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So, who invented computer passwords?

A bit of trivia today but also an obituary for a man who, given you are probably reading this on an electronic device, has had more influence on your life than you would expect, given that you have probably not heard of him before.

In the 1950’s, Dr. Fernando Jose “Corby” Corbato was a physicist who got side-tracked into the then brand-new world of research computing. Realising that most people didn’t need all of the resources of the huge and expensive computers all to themselves at any one time, he developed something called the Compatible Time Sharing System (CTSS). That meant identifiable users and (probably to thwart all the bright sparks who decided to pretend to be someone else) the implementation of computer passwords to allow access to those resources. Similar ideas – hidden words or phrases that would identify someone as being allowed access – had been around for centuries or even millennia but this is believed to be the point when they entered computing.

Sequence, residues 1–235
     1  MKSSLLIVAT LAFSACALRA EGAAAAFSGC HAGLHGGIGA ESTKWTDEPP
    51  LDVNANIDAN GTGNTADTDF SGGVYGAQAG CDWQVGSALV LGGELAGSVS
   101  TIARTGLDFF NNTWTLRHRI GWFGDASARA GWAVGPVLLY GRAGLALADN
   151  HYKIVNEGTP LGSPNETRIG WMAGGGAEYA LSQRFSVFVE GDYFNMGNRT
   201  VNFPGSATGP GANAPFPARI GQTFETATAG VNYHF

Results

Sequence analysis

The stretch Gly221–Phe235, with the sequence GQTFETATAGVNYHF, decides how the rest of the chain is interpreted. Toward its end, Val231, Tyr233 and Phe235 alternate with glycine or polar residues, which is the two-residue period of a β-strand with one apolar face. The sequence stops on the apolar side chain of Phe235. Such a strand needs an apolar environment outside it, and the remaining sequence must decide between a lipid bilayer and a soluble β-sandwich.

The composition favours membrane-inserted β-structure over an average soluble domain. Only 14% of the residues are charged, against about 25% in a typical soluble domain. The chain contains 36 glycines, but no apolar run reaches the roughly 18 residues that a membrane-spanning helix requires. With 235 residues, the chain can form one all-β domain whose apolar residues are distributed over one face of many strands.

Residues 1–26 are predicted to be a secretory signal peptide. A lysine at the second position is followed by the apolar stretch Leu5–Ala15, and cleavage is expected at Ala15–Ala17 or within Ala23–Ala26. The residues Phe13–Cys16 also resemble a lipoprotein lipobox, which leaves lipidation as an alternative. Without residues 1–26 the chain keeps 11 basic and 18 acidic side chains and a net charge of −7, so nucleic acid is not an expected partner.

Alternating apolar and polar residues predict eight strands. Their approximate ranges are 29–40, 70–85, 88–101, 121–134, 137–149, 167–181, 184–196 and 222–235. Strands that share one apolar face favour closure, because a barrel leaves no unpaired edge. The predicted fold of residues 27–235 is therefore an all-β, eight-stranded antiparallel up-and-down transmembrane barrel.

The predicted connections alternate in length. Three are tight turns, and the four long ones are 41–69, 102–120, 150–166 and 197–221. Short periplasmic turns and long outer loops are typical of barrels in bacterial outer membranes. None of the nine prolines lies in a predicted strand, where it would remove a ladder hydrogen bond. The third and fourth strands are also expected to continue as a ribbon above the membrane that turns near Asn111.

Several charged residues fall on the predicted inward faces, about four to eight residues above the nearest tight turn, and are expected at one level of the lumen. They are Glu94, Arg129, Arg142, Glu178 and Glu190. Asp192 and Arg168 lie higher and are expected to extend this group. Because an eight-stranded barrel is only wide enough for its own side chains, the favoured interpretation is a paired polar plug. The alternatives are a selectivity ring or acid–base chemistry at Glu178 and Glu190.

The venerable Dr Corbato passed away recently, aged 93, but passwords are still a daily part of computing and probably will be so for a long time to come.

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